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What exactly is tripled in a tripel?

The short answer is, technically nothing! The style’s name is a nod to, but not a precise calculation of, the stronger alcoholic content in this delicious style of beer.

More than ever, there is confusion about beer styles—and understandably so. While they may sound related, styles like dubbel and tripel have no relationship to double or triple IPA’s. Tripel is a beer style with roots in the Belgian Trappist beer tradition; only beer brewed by a protected and certified order of abbey monks may be called Trappist. Secular breweries will use the moniker “abbey-style” to reflect beers brewed in the Trappist tradition. The name tripel was generally used for the strongest beer in a monastery’s repertoire. The story goes that barrels were traditionally marked with X’s to signify strength, so three X’s would be for that abbey’s tripel.

Generally, a lineup of Trappist beers would consist of a few styles: a singel, a dubbel, and a tripel. At some breweries, you’ll even find quadrupels, also known as “quads.”

Pronunciation note: we pronounce all of these beers the same way you would in American english. A tripel is pronounced the same way as you’d say “triple.” Dubbel is “double.” Singel, “single.”

Tripel and oysters is one of our very favorite beer-and-food pairings in existence

When it comes to pairing, our favorite food-and-Tripel pairing has to be oysters. Go for a briny northeast oyster—there are too many delicious oysters to name here in Maine—the salt from the oyster will be balanced out by the perceived sweetness in Tripel. An absolutely perfect combination.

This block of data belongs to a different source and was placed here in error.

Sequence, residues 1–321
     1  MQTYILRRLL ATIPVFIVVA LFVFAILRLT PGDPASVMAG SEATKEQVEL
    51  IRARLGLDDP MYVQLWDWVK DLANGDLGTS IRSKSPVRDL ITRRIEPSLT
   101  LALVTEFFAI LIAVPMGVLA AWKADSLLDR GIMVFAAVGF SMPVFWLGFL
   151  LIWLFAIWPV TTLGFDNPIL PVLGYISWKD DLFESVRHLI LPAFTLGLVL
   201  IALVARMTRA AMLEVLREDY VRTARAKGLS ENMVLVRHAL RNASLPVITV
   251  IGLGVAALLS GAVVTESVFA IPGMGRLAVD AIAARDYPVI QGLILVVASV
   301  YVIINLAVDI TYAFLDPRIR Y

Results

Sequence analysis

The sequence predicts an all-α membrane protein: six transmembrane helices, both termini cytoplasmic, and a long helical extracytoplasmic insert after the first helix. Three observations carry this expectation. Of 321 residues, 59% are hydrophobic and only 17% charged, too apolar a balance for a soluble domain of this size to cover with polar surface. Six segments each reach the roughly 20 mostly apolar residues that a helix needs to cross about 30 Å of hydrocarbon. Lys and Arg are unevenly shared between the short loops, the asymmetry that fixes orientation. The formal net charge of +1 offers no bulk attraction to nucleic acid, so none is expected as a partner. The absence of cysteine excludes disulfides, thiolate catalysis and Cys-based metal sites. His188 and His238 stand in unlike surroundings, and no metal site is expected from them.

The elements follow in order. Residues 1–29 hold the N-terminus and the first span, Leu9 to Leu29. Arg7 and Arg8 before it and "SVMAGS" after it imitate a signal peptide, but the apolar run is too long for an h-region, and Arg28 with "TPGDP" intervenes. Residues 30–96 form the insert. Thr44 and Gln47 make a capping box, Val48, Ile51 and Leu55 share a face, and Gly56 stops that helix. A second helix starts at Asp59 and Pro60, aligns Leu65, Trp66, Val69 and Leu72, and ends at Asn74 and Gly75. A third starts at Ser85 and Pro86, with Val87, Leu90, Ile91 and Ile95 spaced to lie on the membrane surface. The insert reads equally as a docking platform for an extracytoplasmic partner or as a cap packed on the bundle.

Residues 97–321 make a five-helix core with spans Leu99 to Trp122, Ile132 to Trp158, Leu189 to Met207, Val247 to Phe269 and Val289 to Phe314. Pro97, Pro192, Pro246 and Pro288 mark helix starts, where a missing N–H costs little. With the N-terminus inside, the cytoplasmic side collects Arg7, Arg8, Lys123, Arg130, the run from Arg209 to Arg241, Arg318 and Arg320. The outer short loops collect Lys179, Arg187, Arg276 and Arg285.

Singel, also called patersbier, which translates to father’s beer, is like a refreshing Belgian session beer. Historically, singels were very low in alcohol and brewed for the monk’s themselves to drink—these beers rarely left the abbey. Though there is a range, singels tend to be golden to light amber in color and around 5% ABV or less. They also tend to be rather “hoppy” with fruity and spicy notes from fermentation with classic Belgian yeasts.


Abbey-style Dubbel, a deep amber or brown ale at around 7% ABV, was popularized by Westmalle abbey in 1926. Dubbels gain much of their flavor and color from dark candi sugars which provide notes of burnt sugar and raisins. They may perceive a bit sweet but are in fact dry and therefore excellent food beers for all of their complementary pairing flavors.


Abbey-style Tripels are strong golden ales around 9% ABV. Simple in grain profile, Tripels gain their predominant flavors from warmer fermentations with Belgian yeasts. You can expect complex notes of orange citrus, subdued banana, spice, with floral hops. The goal is to make a Tripel that’s easy to drink despite its complexity and strength.

Allagash Tripel is our take on the classic abbey-style, replete with flavors of honey and passion fruit. Despite it’s fruitiness, Tripel has a clean, dry finish—the perfect beer for pairing with almost any meal.

Allagash Tripel in a 6-pack of 12 oz. bottles